Flowers add instant color and fragrance to any garden, both perennials and annuals alike can brighten it with their beauty.
Each flower requires different conditions of soil type, pH levels, temperature, water and sunlight in order to thrive. Carefully read seed packets and plant tags in order to understand which specifications will support its success. Also take into account how easy it will be for you to water, trim and fertilize in its location.
First step to starting a flower garden: selecting an ideal site. Most blooms thrive best under full sunlight, so pick an area without being affected by activities in your yard such as mowing and hosting backyard barbecues – this way, you can take full advantage of enjoying blooming blooms without fear that they are getting tramped on by other activities!
Select an area that is well-drained, as many flowers don’t like wet feet. Once you find an appropriate spot, prepare it by clearing away grass or plants that might obstruct drainage, adding compost for improved soil quality and clearing away any weeds that have appeared.
Study flower colors and plant sizes to narrow down your options. Renowned Dutch garden designer Piet Oudolf recommends planting flowers of similar shapes together for visual unity and pleasing symmetry, so your garden doesn’t feel overcrowded. He also suggests selecting show-stopping perennials with staggered bloom times as well as filler flowers to ensure coverage throughout the season.
An effective flower garden begins with good soil. Many types of flowers thrive in rich, loamy soil that drains well; you can improve this environment with compost and slow-release flower fertilizer to prepare it for planting. A soil test can also give valuable information about what type of environment your soil provides – this information will enable you to select plants which best thrive within it.
Petunias and geraniums are simple annual flowers to start out with and can fill gaps until perennials can take root. Plus, annuals allow you to practice caring for flowers before investing more difficult-to-grow perennials and shrubs with structure and four-season interest.
Select plants at the garden center that boast healthy leaves and stems to ensure they will flourish when planted into your landscape. Avoid purchasing root-bound plants – their roots may become matted and stick together preventing it from reaching its full potential in your garden bed.
Sunlight is essential to the success of flower gardens. Most blooms need at least six hours of direct sun each day, so when selecting your garden location make sure you observe how the sunlight hits it throughout the day.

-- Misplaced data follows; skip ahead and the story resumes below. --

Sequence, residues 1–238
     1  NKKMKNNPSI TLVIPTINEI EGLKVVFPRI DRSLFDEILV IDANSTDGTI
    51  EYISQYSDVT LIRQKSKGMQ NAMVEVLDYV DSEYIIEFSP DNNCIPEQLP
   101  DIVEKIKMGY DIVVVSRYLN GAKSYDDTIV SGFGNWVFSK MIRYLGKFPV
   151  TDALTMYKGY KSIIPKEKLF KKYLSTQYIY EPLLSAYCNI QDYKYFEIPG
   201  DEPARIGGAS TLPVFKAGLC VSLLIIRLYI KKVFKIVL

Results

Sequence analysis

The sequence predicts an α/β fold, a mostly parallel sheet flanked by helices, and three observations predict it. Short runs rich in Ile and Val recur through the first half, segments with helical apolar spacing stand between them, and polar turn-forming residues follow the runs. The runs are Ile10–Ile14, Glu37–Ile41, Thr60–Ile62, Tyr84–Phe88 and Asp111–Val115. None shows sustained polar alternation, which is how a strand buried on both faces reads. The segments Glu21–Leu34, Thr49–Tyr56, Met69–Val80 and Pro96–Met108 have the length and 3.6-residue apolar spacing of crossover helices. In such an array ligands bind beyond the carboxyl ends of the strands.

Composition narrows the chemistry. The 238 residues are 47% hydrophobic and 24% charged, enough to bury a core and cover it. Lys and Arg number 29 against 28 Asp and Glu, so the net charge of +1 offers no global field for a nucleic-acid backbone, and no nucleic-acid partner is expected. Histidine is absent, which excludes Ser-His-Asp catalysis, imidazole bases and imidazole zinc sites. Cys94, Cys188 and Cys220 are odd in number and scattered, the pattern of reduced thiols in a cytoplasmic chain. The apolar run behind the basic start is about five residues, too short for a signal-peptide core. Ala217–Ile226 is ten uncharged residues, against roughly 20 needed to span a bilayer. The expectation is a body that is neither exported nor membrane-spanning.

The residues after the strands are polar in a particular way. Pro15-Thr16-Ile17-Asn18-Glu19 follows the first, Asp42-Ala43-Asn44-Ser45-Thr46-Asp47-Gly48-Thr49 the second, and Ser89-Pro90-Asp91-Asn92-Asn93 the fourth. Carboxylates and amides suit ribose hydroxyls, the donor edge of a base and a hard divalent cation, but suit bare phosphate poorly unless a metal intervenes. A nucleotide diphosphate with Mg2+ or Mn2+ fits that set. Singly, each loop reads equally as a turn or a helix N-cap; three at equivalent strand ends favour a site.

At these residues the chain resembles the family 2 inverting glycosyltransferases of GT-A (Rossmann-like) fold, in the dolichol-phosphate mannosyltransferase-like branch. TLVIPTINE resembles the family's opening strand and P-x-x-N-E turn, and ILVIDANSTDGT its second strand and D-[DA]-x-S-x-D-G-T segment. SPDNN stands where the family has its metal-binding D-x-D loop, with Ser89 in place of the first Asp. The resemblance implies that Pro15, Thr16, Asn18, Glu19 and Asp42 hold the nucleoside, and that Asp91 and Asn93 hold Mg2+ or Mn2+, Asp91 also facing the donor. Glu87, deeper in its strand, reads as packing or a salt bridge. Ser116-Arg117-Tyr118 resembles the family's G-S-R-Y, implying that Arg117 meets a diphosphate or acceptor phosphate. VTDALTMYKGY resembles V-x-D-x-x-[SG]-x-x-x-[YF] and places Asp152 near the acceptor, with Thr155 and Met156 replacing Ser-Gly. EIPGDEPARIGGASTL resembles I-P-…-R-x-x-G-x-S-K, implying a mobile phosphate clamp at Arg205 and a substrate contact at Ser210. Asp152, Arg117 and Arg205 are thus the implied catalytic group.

If you want a garden with long-blooming blooms, try planting both perennials and annuals. Perennials like peonies or iris will begin flowering late spring/early summer while annuals like impatiens and zinnias typically peak midsummer and provide color through fall/winter.
Add structure and four-season interest to your flower garden by including some shrubs in it. Shrubs with twisty bark, colorful berries or autumn colors provide additional visual interest, according to Wiley. Likewise, mix heights, colors and textures by strategically repeating plants shapes colors throughout your landscape to achieve more eye appeal; repeating plants shapes colors throughout a bed gives continuity as well as creating an appealing look – for instance if planting an island bed start with tall plants in the center before gradually filling outward with shorter ones as needed until eventually filling outward with shorter plants as needed – starting in an island bed plant the tall plants at its core before gradually filling outward with shorter plants gradually filling out into its surroundings until reaching full maturity if planting an island bed is required –
Many types of flowers thrive under various environmental conditions, yet all require access to ample water in order to flourish. When starting a flower garden, make sure you have access to either a faucet or hose for effortless watering, and choose an area with plenty of sunshine as shady sites will cause flower growth to decline and die off.
Planting should take place in spring after frost risk has passed, after you’ve read up on your USDA growing zone requirements and maintenance requirements for flowers you plan on growing. For an impressive flower display that lasts longer, choose perennials and shrubs with staggered bloom times; add colorful annuals for seasonal color and fragrant flowers for their scent.
Avoid buying plants that have already been planted into containers or greenhouse pots as much as possible, since their roots might already be root bound and won’t do well once transplanted into your flower garden.